How does media influence audiences on topics such as teen pregnancies? Television programs such as 16 and Pregnant and The Life of an American Teenager, and movies including Juno, showcase teen girls in situations where their lives have resulted from either faulty protection or unprotected sex at young ages.
In many cases the girls portrayed are average girls in a variety of social positions and socioeconomic circumstances, but the fact of the matter is that teen pregnancy rates have increased at significant rates in 26 states. Nearly one-third of all teenage girls will get pregnant in their teenage years.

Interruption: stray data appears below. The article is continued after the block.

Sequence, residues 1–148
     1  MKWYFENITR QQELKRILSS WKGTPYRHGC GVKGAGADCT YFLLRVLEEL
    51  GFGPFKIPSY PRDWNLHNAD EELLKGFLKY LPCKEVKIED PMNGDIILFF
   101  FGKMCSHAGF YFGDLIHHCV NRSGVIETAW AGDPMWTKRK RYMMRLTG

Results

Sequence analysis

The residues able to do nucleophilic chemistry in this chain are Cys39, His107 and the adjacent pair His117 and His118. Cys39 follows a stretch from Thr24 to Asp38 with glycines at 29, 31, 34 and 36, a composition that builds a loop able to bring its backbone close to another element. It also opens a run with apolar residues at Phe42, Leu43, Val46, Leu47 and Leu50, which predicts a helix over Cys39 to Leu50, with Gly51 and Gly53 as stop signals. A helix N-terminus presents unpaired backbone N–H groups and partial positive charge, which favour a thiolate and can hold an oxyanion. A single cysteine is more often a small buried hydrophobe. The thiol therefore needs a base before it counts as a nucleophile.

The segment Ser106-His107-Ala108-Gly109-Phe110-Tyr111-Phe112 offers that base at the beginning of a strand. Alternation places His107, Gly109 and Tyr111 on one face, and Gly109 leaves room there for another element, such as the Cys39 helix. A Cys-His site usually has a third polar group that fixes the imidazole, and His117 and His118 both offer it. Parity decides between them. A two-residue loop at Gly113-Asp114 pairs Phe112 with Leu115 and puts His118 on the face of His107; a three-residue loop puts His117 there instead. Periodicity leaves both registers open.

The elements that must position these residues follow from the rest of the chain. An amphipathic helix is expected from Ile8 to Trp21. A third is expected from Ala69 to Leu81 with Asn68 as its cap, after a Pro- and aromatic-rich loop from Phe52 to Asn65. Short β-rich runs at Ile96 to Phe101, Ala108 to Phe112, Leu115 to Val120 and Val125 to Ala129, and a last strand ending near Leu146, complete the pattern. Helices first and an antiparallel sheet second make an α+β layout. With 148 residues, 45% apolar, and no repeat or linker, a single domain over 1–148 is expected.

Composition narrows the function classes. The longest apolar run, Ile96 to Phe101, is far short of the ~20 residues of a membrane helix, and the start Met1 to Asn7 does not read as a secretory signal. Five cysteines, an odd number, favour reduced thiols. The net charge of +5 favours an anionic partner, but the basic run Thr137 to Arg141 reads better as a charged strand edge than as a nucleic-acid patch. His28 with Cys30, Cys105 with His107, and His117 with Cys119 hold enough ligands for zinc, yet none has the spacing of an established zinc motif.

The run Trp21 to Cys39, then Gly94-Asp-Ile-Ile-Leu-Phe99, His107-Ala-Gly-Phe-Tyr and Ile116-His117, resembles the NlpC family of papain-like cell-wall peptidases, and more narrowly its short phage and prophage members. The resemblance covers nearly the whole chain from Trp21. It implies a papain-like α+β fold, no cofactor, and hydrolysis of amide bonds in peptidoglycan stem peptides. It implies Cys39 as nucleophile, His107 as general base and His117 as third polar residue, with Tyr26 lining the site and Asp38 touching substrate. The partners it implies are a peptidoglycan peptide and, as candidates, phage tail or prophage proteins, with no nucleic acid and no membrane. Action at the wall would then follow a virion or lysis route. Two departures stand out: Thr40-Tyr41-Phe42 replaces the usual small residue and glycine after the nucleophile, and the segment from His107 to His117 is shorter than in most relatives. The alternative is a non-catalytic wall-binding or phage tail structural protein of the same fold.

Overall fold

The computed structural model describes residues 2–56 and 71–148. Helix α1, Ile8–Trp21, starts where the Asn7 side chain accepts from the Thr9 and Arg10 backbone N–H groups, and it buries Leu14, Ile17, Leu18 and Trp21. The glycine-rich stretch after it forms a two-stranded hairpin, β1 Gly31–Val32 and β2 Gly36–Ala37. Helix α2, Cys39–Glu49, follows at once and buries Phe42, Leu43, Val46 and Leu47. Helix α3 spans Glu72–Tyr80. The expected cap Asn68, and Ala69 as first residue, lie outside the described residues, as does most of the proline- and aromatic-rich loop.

The increase and glorification of teen pregnancy through media outlets has resulted in an increase in cultural acceptance. But is this acceptance unrealistic? Sarah Brown, CEO of the National Campaign to Prevent Teen and Unplanned Pregnancy, explains these portrayals as largely fiction. Brown states that Juno is atypical, particularly in the support system during a time of crisis. Even for reality shows such as 16 and Pregnant it’s easier to be supportive of an unfortunate circumstance when the cameras are shining on you.
Bristol Palin, now a teen mother who has been highly publicized during the vice presidential campaign of her mother Sarah Palin, has gone so far as to star in an anti-teen pregnancy public service ad, “Pause Before You Play.” As a publicized portion of the increasing teen pregnancy statistic, Palin’s ad attempts to discourage the carelessness leading to unplanned teen pregnancy while admitting to her own faults and privileges for her peers to see.